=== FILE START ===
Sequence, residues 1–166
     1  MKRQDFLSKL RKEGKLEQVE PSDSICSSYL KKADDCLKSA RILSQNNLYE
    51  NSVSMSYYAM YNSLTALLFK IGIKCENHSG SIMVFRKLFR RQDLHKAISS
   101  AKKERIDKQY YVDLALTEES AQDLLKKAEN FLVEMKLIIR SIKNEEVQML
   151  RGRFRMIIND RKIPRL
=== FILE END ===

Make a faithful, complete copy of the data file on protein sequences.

Sequence, residues 1–166
     1  MKRQDFLSKL RKEGKLEQVE PSDSICSSYL KKADDCLKSA RILSQNNLYE
    51  NSVSMSYYAM YNSLTALLFK IGIKCENHSG SIMVFRKLFR RQDLHKAISS
   101  AKKERIDKQY YVDLALTEES AQDLLKKAEN FLVEMKLIIR SIKNEEVQML
   151  RGRFRMIIND RKIPRL